To enable cost efficiency, standard modules must deliver specific functionality at many stream-reaches within a given cluster, with little or no modification to their design features. This is easiest to envision for generation modules, which exhibit a standard performance curve for a given range of head and flow. Hydroelectric energy can be delivered reliably by the same module design (e.g., same blade shape, runner diameter and distributor alignment) at many sites by deploying an appropriate number of generation modules and developing an optimized unit dispatch curve for each site. A standard design envelope specification would set bounds on installed cost, unit efficiency, safety, size, maintainability and design life that must be achieved by each module.
This same concept can be applied to foundation and passage modules. For example, standard upstream fish passage modules must possess favorable geometry and create consistent hydraulic conditions that encourage fish to cross the facility in a safe and timely manner. To guide early stage research, a standard modular design envelope specification has been developed that outlines the requirements, constraints and performance measures for all modules.8 ORNL is working with industry to identify and validate exemplary modules that meet the design envelope specifications for performance, cost, safety and reliability.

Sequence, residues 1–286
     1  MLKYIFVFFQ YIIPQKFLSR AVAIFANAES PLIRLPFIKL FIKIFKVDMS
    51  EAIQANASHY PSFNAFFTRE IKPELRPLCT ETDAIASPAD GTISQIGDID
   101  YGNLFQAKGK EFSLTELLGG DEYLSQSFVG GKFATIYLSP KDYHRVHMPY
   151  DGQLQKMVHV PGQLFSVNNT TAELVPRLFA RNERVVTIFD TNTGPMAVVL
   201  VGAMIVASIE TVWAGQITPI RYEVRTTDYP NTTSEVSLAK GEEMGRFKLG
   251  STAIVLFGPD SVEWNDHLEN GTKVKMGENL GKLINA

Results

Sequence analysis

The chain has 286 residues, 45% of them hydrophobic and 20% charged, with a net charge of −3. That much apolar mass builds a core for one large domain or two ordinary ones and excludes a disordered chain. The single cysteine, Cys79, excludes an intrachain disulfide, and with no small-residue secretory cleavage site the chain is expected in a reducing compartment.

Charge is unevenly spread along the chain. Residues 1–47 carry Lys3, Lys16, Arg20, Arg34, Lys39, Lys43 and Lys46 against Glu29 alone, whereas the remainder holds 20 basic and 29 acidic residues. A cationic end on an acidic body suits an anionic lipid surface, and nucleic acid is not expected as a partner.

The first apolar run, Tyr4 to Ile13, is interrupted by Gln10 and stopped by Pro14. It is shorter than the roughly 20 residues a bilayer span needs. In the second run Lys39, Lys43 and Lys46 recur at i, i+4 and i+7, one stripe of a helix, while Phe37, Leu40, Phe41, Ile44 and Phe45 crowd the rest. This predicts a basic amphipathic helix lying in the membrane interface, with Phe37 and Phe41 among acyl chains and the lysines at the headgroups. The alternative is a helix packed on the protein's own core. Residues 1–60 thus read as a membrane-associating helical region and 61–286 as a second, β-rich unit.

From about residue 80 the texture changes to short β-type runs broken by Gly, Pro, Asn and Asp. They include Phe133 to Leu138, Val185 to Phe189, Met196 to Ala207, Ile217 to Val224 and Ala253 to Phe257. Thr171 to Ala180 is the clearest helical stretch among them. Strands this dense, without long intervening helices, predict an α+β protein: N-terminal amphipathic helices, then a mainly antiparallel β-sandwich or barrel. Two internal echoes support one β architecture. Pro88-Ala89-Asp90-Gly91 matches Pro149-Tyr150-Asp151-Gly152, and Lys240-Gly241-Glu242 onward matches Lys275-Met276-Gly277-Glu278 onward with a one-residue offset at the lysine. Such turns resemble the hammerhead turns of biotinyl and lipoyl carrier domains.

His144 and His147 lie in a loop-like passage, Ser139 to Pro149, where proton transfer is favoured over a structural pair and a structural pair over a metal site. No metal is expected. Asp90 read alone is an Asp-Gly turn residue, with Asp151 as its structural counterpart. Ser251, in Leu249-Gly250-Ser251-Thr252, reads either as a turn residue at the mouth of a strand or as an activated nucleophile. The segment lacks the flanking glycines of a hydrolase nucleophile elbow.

A desired outcome of standard site classification and module design envelope specification is consistency, predictability and acceptability of SHP development outcomes. Standard modules known to reliably deliver passage, generation and foundation functionalities could accelerate the technology selection process, agency consultation process, environmental review and approval process, and state and local certification approval. Success in this endeavor will require not only demonstration and validation of modular facilities and their limited impacts, but sustained communication and collaboration across multiple SHP stakeholder groups.
Steps to SMH success